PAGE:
National Union Fire Insurance Company of Pittsburgh, Apennsylvania Corporation,plaintiff-counter-defendant-appellee, v. Chester S. Garber; Emilia Ting Garber,defendants-counter-claimants-third-party-plaintiffs-appellants,andbetty Ting, Defendant, v. American International Group, Inc., James Haber, Frankmahon, D'amato & Lunch, Sedgwick, Detert, Moran &arnold, Third-party-defendants-appellees,andirving v. Goldstein, Ron Finerty, Herman Finesod, Friedman &shafton, Trager Glass & Co., Robert T. Killen,norman Schwartz, Third-party-defendants, 134 F.3d 378 (9th Cir. 1998)

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U.S. Court of Appeals for the Ninth Circuit - 134 F.3d 378 (9th Cir. 1998)

Submitted January 12, 1998**Jan. 16, 1998

Before: BROWNING, KLEINFELD, and THOMAS, Circuit Judges.


Chapter 7 debtors Chester and Emilia Garber appeal pro se the district court's dismissal of the Garbers' counterclaim and third party complaint in National Union Fire Insurance Company's ("National") action under the Uniform Fraudulent Transfer Act, Cal. Civil Code § 3349. National alleged that the Garbers transferred their assets to Emilia Garber's sister in order to prevent the enforcement of a previous judgment National had obtained against the Garbers. We have jurisdiction pursuant to 28 U.S.C. § 1291, and we affirm.

First, the district court did not abuse its discretion by withdrawing the reference to the bankruptcy court because non-core issues predominated. See Security Farms v. International Bhd. of Teamsters, 124 F.3d 999, 1008-09 (9th Cir. 1997). Second, the district court did not violate the automatic stay provision by ruling on the motions to dismiss because the counterclaim and third party complaint were actions brought by the debtor, and thus not subject to the automatic stay. See Parker v. Bain, 68 F.3d 1131, 1137-38 (9th Cir. 1995). Third, the district court did not err by dismissing the Garbers' counterclaim against National and the claims against the third party defendants because the putative claims arose out of the same transaction or occurrence from National's first action against the Garbers and were thus compulsory counterclaims that the Garbers should have raised in that action. See Hydranautics v. FilmTec Corp., 70 F.3d 533, 536 (9th Cir. 1995). Finally, the district court did not err by dismissing the Garbers' counterclaim for a declaratory judgment alleging that National's prior judgment against them was obtained by fraud because the Garbers submitted no evidence of fraud. See Wood v. McEwen, 644 F.2d 797, 801 (9th Cir. 1981) (per curiam).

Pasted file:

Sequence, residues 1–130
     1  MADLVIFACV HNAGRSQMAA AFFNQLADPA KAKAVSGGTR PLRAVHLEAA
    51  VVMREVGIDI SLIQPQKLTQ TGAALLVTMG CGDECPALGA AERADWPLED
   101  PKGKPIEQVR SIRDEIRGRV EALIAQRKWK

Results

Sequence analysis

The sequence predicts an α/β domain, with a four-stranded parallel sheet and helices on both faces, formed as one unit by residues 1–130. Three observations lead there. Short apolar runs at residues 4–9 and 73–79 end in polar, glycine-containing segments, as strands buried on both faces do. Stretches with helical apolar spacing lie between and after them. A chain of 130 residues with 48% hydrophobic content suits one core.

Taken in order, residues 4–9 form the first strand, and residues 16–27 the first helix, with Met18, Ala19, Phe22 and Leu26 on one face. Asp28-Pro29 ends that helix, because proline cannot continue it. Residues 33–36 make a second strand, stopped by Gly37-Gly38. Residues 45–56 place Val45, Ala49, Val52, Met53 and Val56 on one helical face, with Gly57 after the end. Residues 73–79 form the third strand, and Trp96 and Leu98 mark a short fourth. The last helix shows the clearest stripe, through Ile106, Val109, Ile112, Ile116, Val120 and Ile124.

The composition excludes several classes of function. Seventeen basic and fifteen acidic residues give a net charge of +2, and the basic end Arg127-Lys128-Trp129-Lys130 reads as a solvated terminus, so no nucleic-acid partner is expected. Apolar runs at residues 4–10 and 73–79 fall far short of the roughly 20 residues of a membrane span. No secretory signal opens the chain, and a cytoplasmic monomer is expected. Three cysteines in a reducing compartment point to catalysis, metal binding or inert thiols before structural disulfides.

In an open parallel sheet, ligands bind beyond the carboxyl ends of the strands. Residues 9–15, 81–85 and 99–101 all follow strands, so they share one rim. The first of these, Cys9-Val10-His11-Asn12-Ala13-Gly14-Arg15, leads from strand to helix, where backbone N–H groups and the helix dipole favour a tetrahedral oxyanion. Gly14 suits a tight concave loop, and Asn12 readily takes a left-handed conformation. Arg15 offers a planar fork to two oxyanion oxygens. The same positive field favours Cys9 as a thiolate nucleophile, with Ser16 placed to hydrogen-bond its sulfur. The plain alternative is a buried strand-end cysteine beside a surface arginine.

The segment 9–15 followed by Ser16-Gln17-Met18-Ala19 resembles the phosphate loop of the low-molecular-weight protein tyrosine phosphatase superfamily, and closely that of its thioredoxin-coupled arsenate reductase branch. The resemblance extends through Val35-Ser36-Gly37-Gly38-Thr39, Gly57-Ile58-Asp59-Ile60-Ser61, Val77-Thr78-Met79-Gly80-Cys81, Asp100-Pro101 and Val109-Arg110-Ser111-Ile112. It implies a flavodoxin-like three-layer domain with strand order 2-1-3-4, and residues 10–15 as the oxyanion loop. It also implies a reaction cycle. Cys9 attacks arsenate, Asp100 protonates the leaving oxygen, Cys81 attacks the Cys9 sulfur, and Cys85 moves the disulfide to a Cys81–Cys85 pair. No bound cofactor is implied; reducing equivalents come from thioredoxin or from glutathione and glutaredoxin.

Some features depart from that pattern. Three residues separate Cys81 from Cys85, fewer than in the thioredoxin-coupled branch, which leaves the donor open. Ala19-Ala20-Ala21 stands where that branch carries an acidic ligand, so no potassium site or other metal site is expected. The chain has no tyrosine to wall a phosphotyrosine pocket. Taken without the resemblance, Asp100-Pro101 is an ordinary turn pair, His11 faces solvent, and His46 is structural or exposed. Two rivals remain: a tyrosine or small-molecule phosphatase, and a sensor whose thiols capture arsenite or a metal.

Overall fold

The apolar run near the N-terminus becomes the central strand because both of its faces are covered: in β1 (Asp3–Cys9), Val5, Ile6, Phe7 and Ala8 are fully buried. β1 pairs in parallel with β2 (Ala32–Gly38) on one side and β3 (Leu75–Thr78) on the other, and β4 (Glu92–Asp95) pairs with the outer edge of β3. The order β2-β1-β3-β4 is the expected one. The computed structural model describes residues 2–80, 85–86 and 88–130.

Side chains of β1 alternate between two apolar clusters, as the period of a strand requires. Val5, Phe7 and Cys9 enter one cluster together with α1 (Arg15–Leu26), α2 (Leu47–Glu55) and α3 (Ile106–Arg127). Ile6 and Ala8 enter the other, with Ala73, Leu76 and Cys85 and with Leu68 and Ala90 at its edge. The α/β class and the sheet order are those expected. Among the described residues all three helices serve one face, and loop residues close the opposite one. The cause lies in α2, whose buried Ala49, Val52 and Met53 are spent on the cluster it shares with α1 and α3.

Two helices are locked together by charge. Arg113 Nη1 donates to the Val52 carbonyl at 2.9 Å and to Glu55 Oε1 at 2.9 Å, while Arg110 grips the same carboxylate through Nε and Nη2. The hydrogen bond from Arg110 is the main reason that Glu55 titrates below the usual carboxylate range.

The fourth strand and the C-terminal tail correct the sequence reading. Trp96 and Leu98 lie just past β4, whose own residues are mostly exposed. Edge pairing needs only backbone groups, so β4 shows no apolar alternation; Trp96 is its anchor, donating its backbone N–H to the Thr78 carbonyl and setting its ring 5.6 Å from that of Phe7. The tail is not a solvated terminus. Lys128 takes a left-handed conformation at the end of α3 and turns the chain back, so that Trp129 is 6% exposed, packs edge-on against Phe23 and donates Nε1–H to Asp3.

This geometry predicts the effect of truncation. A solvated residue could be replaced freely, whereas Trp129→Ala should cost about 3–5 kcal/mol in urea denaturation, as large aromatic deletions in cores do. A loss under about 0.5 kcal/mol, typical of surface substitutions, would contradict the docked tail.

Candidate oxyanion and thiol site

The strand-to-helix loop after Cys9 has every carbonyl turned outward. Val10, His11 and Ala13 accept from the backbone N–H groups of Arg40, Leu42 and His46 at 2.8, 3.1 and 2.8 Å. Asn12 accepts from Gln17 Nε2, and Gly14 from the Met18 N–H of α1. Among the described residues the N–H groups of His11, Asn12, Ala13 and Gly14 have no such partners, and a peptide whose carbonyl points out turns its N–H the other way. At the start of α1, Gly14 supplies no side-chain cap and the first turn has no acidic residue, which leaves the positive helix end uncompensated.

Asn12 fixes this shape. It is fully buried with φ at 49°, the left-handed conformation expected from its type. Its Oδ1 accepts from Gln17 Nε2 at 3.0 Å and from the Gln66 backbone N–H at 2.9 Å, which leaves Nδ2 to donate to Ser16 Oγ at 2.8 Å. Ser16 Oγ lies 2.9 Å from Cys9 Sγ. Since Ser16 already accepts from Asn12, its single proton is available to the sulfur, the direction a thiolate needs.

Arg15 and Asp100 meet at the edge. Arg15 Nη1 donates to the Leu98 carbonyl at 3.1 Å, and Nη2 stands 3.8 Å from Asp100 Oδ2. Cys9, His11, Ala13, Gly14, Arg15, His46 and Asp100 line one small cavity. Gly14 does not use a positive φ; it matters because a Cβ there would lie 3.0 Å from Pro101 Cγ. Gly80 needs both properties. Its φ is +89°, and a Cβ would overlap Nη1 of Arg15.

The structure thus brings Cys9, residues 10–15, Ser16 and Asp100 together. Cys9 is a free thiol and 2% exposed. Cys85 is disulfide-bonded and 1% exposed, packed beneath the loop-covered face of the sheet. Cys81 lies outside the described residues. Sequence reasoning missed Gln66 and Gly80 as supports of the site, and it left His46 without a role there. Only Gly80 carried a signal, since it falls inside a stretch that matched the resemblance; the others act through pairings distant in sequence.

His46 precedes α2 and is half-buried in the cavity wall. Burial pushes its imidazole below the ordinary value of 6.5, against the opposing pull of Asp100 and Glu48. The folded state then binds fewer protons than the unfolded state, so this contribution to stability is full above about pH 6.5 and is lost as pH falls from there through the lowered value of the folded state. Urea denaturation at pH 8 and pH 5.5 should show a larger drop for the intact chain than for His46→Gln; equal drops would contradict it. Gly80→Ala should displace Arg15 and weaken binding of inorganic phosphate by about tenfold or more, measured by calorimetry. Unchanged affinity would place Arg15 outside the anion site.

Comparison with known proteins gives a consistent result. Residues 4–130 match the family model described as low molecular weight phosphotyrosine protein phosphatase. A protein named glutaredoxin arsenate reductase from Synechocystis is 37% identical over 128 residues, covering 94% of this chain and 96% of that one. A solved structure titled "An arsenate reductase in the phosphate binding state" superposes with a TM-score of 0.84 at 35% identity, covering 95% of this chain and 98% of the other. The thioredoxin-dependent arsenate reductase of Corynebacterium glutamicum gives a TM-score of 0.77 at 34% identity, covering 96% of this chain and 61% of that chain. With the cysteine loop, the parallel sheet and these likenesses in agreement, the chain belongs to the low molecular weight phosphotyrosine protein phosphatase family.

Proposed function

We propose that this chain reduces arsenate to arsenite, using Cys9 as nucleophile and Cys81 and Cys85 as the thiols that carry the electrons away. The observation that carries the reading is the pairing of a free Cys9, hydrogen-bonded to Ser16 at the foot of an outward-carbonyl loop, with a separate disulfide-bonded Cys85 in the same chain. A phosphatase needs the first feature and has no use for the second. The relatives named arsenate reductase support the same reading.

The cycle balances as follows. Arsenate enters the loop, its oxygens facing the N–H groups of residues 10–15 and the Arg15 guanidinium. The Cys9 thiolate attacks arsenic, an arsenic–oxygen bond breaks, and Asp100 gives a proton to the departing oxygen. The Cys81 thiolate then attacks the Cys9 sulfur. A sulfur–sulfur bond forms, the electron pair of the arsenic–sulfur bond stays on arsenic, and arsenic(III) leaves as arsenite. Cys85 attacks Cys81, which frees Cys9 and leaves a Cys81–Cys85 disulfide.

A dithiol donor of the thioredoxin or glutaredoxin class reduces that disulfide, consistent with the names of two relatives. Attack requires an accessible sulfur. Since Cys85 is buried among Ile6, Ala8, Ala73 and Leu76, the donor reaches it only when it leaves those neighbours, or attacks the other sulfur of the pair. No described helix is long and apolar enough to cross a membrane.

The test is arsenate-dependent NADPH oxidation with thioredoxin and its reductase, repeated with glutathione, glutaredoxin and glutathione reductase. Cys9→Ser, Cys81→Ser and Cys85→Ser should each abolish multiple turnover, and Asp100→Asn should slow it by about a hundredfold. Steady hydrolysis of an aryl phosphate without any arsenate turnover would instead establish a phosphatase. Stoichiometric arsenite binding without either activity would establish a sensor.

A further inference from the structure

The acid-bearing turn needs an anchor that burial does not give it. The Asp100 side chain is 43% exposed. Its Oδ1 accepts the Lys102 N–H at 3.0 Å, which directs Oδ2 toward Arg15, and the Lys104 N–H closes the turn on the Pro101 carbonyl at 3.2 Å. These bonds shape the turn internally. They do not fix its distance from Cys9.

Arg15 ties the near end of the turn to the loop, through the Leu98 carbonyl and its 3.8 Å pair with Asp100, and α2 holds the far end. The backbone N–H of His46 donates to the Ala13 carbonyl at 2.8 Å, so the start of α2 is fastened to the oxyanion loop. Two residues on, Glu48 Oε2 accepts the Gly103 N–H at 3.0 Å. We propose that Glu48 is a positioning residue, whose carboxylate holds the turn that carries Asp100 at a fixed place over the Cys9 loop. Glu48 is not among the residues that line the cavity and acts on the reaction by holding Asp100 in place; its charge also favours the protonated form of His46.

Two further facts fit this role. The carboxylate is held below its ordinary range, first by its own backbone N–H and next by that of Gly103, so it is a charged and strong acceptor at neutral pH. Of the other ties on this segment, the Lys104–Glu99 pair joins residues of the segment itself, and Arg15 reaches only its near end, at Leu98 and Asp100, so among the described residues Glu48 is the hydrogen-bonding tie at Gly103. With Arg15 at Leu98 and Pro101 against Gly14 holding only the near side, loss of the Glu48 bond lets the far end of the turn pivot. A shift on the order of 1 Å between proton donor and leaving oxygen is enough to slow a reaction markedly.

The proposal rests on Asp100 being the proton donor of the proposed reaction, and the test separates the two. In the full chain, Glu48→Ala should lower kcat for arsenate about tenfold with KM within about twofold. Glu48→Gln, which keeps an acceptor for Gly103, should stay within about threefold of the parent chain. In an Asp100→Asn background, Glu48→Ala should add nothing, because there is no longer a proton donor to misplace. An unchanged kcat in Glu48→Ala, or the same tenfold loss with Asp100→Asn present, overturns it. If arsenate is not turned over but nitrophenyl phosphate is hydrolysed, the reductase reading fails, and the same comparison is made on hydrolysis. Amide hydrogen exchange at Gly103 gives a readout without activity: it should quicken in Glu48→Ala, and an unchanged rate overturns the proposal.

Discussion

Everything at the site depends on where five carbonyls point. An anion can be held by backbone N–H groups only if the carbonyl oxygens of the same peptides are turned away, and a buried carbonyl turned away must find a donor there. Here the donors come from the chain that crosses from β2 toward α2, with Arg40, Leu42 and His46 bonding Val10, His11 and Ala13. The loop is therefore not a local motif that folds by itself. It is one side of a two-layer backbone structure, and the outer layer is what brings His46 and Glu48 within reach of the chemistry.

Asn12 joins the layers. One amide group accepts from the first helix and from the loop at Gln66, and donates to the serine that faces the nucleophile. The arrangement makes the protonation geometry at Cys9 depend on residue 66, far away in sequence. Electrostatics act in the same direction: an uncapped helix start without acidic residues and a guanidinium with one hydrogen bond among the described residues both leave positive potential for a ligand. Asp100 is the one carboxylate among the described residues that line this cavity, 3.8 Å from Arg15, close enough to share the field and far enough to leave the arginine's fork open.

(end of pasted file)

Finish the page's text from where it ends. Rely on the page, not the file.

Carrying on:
We have considered the Garbers' additional contentions and conclude that they lack merit.



The panel unanimously finds this case suitable for decision without oral argument. See Fed. R. App. P. 34(a); 9th Cir. R. 34-4. Accordingly, Appellant's request for oral argument is denied


This disposition is not appropriate for publication and may not be cited to or by the courts of this circuit except as provided by 9th Cir. R. 36-3